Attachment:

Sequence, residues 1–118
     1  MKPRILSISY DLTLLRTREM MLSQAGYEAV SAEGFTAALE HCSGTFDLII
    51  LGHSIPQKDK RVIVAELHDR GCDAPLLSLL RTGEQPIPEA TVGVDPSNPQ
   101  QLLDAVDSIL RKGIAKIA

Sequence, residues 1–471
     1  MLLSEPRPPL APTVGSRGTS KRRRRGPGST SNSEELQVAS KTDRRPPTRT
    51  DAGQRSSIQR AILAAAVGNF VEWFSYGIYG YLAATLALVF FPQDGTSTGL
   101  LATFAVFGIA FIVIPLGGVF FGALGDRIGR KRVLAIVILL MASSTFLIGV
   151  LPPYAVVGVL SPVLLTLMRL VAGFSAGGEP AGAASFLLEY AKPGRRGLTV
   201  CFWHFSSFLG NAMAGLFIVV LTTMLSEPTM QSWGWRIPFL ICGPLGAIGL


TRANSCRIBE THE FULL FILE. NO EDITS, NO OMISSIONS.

Sequence, residues 1–118
     1  MKPRILSISY DLTLLRTREM MLSQAGYEAV SAEGFTAALE HCSGTFDLII
    51  LGHSIPQKDK RVIVAELHDR GCDAPLLSLL RTGEQPIPEA TVGVDPSNPQ
   101  QLLDAVDSIL RKGIAKIA

Sequence, residues 1–471
     1  MLLSEPRPPL APTVGSRGTS KRRRRGPGST SNSEELQVAS KTDRRPPTRT
    51  DAGQRSSIQR AILAAAVGNF VEWFSYGIYG YLAATLALVF FPQDGTSTGL
   101  LATFAVFGIA FIVIPLGGVF FGALGDRIGR KRVLAIVILL MASSTFLIGV
   151  LPPYAVVGVL SPVLLTLMRL VAGFSAGGEP AGAASFLLEY AKPGRRGLTV
   201  CFWHFSSFLG NAMAGLFIVV LTTMLSEPTM QSWGWRIPFL ICGPLGAIGL